Updated: Mar 4
Since I cannot be productive of any academic work nowadays, I will probably start blogging and hopefully find a way somehow out of this blackhole thereby.
Given that we have decided to fulfil Aaron's wishes by creating a Memorial Foundation for nonprofit undertakings as well as a Virtual Memorial to mourn Aaron's passing and celebrate his life, one of the first questions on our minds has been how people (should) grieve in such situations and why? This question may require many posts to address adequately. So let's just keep that in mind for now.
Before tackling that, I have also been reflecting on other related things, including how unprepared we were for such a devastating, heart-breaking occurrence. It might be safe to say that probably most of us are ill prepared to deal with a situation like this.
We often did not realize how lucky we were until things took a dramatic turn for the worse. That is especially true with people who all of sudden lost their loved ones.
For people going through such a painful process of mourning while trying not to drown oneself in the pain and loss, there might be some typical questions worth pondering.
Some of the questions I have been asking myself, and supposedly many other parents would ask in similar situations, include: Are we able ever to recover from such a devastating loss? If so, in what form? By what means? After how long? At what cost?
If a full recovery is not going to happen, what can and should we do to minimize the damages to ourselves and to others? What can be done to make this grieving process eventually more meaningful and positive for both the deceased ones and for the living?
These questions are not just relevant to those who have lost a young child but also to others in grief over their beloved ones.
At the same time, many readers might have not experienced such loss and pain and thus find these discussions merely hypothetical and thus immaterial. I would have felt the same about two years ago (before my father passed away) or to a great extent even two months ago (since my father's passing at the age of 90 did not hurt me as much, if I can be honest with myself). It is natural for us to feel this way as we tend to push aside scenarios that would cause us mental distress as long as they do not seem so imminent. But if we were willing to further ponder on this, we would realize that all of us eventually have to deal with the painful loss of someone precious to us at some point in our life, and that it is just a question of when and how that may happen to us. This is an alarming recognition that I sadly had not given much thought to until lately, to my own detriment.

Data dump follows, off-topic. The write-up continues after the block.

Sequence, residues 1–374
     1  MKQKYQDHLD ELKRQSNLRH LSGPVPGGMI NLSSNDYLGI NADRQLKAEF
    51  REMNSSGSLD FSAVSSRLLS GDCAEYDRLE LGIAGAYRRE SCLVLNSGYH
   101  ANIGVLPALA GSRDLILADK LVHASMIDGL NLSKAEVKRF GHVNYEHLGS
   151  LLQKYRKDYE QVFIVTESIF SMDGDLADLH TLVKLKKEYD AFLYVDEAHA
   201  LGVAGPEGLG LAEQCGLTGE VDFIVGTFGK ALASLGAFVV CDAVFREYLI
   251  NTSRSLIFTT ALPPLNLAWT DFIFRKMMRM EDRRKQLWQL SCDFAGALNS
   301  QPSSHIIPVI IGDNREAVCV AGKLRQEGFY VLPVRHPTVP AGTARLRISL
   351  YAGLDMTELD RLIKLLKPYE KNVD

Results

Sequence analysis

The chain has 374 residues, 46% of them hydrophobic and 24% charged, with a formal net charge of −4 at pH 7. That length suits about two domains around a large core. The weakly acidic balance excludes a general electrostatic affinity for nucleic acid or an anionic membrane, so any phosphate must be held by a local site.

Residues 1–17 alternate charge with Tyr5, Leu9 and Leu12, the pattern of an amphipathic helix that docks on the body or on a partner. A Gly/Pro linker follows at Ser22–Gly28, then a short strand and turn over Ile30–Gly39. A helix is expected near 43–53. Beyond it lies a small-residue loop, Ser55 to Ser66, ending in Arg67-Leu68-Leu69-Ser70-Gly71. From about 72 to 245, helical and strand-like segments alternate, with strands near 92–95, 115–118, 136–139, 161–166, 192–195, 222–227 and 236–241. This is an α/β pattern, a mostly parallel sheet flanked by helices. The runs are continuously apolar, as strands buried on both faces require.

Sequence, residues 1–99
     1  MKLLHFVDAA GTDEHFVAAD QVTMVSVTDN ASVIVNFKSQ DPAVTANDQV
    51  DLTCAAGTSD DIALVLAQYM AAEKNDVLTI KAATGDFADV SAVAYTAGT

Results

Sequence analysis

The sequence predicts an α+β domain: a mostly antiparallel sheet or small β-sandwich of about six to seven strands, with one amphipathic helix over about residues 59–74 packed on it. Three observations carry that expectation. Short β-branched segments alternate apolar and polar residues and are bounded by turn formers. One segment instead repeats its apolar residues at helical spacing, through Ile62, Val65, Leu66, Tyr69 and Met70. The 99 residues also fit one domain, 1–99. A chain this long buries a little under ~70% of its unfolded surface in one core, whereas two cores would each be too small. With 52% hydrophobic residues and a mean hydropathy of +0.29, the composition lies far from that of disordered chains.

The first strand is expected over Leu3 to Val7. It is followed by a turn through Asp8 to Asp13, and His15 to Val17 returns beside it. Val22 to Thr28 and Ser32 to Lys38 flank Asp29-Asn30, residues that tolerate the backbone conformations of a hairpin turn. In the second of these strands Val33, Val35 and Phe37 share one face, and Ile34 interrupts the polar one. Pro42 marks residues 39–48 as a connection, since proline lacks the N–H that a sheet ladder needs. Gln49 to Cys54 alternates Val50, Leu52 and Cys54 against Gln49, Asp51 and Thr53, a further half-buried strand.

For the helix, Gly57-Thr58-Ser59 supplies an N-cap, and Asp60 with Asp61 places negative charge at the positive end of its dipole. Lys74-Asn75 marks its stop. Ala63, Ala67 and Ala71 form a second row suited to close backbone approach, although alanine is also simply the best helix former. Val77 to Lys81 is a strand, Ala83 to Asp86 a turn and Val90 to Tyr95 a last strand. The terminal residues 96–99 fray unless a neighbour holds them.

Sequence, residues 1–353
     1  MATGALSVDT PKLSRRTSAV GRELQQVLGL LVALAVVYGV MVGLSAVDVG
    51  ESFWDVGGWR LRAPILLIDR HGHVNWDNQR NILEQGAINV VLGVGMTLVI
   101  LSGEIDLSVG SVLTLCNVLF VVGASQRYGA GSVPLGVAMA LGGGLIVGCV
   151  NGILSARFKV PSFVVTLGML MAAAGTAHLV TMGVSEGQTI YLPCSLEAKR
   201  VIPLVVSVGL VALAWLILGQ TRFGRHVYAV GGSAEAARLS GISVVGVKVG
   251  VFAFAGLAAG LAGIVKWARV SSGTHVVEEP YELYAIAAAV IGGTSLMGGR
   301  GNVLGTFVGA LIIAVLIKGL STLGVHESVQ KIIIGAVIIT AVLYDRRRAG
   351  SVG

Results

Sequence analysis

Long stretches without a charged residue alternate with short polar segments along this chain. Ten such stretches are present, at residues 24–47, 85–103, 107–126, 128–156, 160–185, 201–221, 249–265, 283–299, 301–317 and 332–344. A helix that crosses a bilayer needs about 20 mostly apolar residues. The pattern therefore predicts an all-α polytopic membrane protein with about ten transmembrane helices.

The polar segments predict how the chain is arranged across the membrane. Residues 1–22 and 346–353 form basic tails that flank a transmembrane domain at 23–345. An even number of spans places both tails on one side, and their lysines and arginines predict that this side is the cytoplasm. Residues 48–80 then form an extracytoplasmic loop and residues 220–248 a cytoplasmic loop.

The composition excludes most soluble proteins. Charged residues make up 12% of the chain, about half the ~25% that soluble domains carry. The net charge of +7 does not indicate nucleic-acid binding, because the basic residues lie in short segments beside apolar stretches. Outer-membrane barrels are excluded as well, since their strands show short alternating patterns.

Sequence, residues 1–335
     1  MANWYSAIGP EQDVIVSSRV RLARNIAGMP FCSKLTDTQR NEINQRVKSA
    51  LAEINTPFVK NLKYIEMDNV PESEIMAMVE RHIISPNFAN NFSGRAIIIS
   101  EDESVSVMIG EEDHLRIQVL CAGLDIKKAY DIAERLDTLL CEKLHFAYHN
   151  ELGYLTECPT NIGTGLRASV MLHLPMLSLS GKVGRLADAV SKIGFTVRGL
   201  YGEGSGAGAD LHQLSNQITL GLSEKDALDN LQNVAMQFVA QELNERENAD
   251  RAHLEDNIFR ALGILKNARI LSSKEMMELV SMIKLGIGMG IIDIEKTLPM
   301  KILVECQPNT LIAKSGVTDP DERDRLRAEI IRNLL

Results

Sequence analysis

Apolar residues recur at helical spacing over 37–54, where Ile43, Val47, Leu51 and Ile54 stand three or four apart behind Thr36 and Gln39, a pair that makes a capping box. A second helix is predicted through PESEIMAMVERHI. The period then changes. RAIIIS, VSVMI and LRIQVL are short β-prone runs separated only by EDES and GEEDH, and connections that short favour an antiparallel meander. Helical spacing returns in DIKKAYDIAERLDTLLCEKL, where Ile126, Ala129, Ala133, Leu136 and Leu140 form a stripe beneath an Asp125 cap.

That then brings up the question of grieving itself. Why do we need to grieve, and how should we do it (in order to minimize the damages and to recover from all of this as noted above)? What kinds of social norms or commonly practiced routines are we supposed to follow nowadays? Do such norms and practices help those in grief to heal sooner or end up prolonging and worsening their situations?
Needless to say, we have no good answers to these questions as we are still searching for effective guidance and coping mechanisms. But I find them highly pertinent to my current mental state and plan to revisit them in future posts.
I will stop here for today.
P.S. After more than two months of doing virtually no academic work (except for writing two reference letters), I managed to write down one short paragraph about one of my book projects today right after drafting the above blog. While I might be just rehashing what I wrote before somewhere, it is at least a sign of progress from complete academic paralysis, a topic to which I hope to return in future posts.
After I have finished the above, Ruoyun also wrote her first blog post, which happens to directly address some of the issues outlined above. Thus, we managed to move in synch without even planning. It may indeed be true that shared suffering gets people closer (not to imply that we were not close before this tragedy). Ok. I think I just made up that saying. That's it for today.
Note: We reiterate the invitation to friends, colleagues, and others to share their own grieving processes and struggles. I should mention that we plan to share the Blog posts to Aaron's Facebook Memorial Page and occasionally probably through my Twitter account as well if we feel the discussions could help other people. You can follow us as a member or join us as a writer after clicking "log in" at the top of your screen (or after clicking the three lines of your phone screen and then "log in") to fill out some basic information.